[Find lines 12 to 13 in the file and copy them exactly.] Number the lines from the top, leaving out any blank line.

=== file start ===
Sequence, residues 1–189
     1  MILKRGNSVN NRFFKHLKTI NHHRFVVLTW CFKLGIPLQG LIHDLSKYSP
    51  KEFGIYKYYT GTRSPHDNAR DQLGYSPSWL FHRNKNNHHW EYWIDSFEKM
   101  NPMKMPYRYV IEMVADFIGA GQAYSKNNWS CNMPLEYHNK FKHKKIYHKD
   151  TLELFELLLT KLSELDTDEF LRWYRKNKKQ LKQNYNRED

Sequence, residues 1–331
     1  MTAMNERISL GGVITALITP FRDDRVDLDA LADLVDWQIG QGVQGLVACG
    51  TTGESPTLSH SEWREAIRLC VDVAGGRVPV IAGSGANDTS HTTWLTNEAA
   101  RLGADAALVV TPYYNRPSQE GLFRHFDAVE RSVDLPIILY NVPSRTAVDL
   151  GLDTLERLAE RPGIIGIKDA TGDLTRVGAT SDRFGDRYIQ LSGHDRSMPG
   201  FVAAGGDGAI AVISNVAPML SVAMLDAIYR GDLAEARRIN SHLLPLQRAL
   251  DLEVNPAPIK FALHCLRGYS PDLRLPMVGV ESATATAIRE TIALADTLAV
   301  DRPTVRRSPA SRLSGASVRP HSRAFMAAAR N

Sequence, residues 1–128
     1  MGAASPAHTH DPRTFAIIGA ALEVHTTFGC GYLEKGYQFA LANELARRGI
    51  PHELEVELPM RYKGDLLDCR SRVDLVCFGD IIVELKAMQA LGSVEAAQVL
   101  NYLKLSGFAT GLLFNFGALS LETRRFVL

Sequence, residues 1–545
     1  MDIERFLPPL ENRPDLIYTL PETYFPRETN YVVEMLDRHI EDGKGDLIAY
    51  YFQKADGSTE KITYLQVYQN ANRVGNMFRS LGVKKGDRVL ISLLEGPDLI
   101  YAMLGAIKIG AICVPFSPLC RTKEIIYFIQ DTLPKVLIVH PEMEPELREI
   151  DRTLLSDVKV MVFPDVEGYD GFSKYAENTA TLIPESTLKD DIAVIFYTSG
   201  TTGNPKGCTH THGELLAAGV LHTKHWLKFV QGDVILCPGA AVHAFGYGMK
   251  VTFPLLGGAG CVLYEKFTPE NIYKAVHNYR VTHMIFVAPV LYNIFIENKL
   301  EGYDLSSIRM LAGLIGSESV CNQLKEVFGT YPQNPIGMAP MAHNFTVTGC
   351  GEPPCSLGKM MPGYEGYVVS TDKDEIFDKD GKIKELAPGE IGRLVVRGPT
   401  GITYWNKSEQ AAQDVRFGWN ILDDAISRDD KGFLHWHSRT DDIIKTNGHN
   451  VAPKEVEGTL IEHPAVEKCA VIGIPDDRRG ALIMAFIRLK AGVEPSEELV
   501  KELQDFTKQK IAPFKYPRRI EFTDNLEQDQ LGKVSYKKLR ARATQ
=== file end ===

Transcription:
   251  DLEVNPAPIK FALHCLRGYS PDLRLPMVGV ESATATAIRE TIALADTLAV
   301  DRPTVRRSPA SRLSGASVRP HSRAFMAAAR N